Project Rás

I thought I was returning to Dublin after my stint of snowboarding in Colorado but I in fact landed on Planet Bike. This is a wonderful place that allows me to sleep and eat as much as I like while allowing me to feel productive and lose weight at the same time. Indeed, it seems like everything on this planet is turned on its head. My twenty euro winnings for placing sixth in a mid-tier race is an acceptable return on the thousands of euro I invest in the sport. In addition, everybody in this world gets to be a super-hero judging by the amount of lycra suits, how cool is that? Also, I don't feel poor when I spend absolutely all my money on my bike, instead I feel fantastic as I am now going 0.0002 kph faster (the marketing folk tell me that sport is all about the margins you see). I am so busy tinkering with my bike and dreaming about races that I have forgotten about my friends and even girls; on what other planet would it be possible to substitute a bike for human company and not feel lonely? This is a strange land but it's a deadly place for now.

There is one problem however, it's not sustainable as there is not enough oxygen here. For some reason I'm always gasping for more air. You would want to be a rare breed of mortal to live here long-term but for now I'm enjoying it. Now and again I defy gravity and cheat the wind and that makes me feel good as I escape the confines of my fleshly form. I don't know how long I will stay but it has always been a dream of mine to visit Planet Bike, so now that I'm here, I'll stick around for a bit.

The main reason I landed is because of the Rás (a gaelic word for race). This is an 8-day stage-race where riders race about 100 miles each day around Ireland. That in itself is an achievement but it doesn't help when they introduce a whole load of top quality foreign teams into the mix to make the race even faster and thus, much harder. It was because of the Rás that I returned to bike-racing (and likely Ireland). Well, while out riding in the depths of middle of nowhere places surrounded by anonymous landscape, the dude realised that as much fun as bike-touring is that his constitution is really made for racing. Honestly, if I could only get this competitive streak out of me my life would be a whole lot easier ... even if a whole lot different.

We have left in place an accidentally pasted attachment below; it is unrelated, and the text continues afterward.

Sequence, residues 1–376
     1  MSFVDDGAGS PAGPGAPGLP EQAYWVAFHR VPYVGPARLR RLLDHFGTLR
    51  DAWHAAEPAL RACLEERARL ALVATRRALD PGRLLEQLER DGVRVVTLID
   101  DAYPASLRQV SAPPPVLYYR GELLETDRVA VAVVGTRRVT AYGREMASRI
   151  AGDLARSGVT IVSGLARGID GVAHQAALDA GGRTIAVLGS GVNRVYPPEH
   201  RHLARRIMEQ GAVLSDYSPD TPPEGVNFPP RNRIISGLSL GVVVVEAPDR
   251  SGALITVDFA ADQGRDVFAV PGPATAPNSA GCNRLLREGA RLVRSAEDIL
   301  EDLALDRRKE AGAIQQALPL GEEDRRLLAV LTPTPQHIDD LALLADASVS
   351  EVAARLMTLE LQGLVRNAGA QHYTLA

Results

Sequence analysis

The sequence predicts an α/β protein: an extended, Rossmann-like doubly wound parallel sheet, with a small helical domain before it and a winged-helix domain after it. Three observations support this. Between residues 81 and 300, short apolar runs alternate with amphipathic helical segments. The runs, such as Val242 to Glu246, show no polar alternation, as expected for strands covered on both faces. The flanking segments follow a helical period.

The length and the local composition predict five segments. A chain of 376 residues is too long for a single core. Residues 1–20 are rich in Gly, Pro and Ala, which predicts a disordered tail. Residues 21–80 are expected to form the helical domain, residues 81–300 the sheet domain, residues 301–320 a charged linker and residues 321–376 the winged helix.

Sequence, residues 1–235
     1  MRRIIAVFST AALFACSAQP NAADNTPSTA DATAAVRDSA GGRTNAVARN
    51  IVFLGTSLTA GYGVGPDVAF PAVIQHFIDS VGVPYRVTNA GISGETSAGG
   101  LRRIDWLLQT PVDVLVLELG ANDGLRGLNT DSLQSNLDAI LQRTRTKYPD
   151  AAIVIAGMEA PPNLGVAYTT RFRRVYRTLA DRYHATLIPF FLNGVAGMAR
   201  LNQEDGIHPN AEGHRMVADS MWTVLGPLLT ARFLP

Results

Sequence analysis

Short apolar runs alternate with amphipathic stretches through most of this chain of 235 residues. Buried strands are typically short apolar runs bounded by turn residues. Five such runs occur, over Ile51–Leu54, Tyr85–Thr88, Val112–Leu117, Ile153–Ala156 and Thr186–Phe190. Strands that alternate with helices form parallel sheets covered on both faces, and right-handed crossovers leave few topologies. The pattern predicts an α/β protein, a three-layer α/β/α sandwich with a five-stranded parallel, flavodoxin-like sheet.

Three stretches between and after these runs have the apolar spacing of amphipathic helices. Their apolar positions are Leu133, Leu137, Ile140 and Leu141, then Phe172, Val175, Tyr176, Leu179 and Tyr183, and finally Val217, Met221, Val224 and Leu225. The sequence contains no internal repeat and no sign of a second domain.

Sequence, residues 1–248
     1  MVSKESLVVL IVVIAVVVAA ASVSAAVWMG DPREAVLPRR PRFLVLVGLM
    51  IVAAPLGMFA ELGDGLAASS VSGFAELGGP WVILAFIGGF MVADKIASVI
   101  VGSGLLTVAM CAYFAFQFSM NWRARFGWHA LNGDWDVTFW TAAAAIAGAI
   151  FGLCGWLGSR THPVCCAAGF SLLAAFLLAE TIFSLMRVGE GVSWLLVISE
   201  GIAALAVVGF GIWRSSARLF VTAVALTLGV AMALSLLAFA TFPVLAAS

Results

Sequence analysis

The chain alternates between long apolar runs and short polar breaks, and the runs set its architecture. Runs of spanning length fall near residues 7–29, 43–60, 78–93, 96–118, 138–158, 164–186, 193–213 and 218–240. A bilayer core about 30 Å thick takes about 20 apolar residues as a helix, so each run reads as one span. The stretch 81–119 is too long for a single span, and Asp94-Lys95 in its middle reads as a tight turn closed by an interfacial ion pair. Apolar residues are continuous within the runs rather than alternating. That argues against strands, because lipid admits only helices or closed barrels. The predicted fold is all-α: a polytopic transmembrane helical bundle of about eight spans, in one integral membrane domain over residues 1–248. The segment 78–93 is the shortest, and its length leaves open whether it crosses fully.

The next series of blog entries are about my next bike adventure, the Rás. It's not quite bike-touring but it's still traveling by bike, albeit in a blur.

I hope the form is mighty

the bionic dude

the dude awaits the start of the hill-test. Photo © Dany Blondeel - The Belgian Project


It's Intermission Time Folks!

I'm not convinced this is the end so I've settled on an intermission. 

As I need to focus my writing on a book I am going to take a detour from the blog. With the sale of my expedition bike, the globe-trotting version of the Bionic Dude is parked for the moment. Of course, this is not the end of the road. The dude lives on, both in terms of my need to push pedals and my desire to experience the world as an international man of leisure. As soon as I hatch interesting plans I'll pick up the blog again with a different approach.

Thanks for reading, it's been a pleasure sharing my trip with you.

'til soon

The Bionic Dude



the view across Dublin Bay from Howth Head - the city is lit up to the right out of shot (I took this in 2009)

It was nice to arrive home to Dublin. I thought I might be emotional but I had dealt with any nerves in the month prior. The flight back was simply another couple of airports appended onto one long trip. The only difference was when the policeman doing passport control welcomed me 'home'. A nice touch that I'm sure is appreciated by all those Irish people who live away from these shores for one reason or another but who still feel very rooted to the island of Ireland.  Perhaps it was a soft landing as my parents were away at the time and catching up with them would happen five days later. Still, a couple of friends met me at the airport and took me home for a hearty Irish breakfast. I love to eat and especially in good company.

My first task was to vote in what was an incredibly important general election for a country ravaged by economic woes that it brought unto itself. The next job was to build up a bike so that I could take to the roads and reacquaint myself with the city and its surrounding hinterland.  The weather was kind and showcased the incredible beauty of the Irish countryside.  I'm not particularly fond of urban Dublin but the bike regularly allows me to gasp at some stunning scenery in the hills and farmlands that lie outside the nearby city-limits. Despite all that I have seen in the world, the hills, lakes and farm tracks outside the city can always make my jaw drop. Certainly, my enjoyment of Dublin would not be the same without my bike. I clocked up over 700k in the space of 9 days retracing only some of my regular training routes to see what has changed.  Not much on the surface of things. Peeling back the layers one will be able to see the strain of economic malaise but it is not palpable in the air ... or at least, not to me yet.  I recall the veil of dread over the city during the Christmas of 2008 when every single worker in the country thought they were going to lose their job in the new year. Certainly the mood does not feel anything like it did then ... says I from the safety-net of the middle class.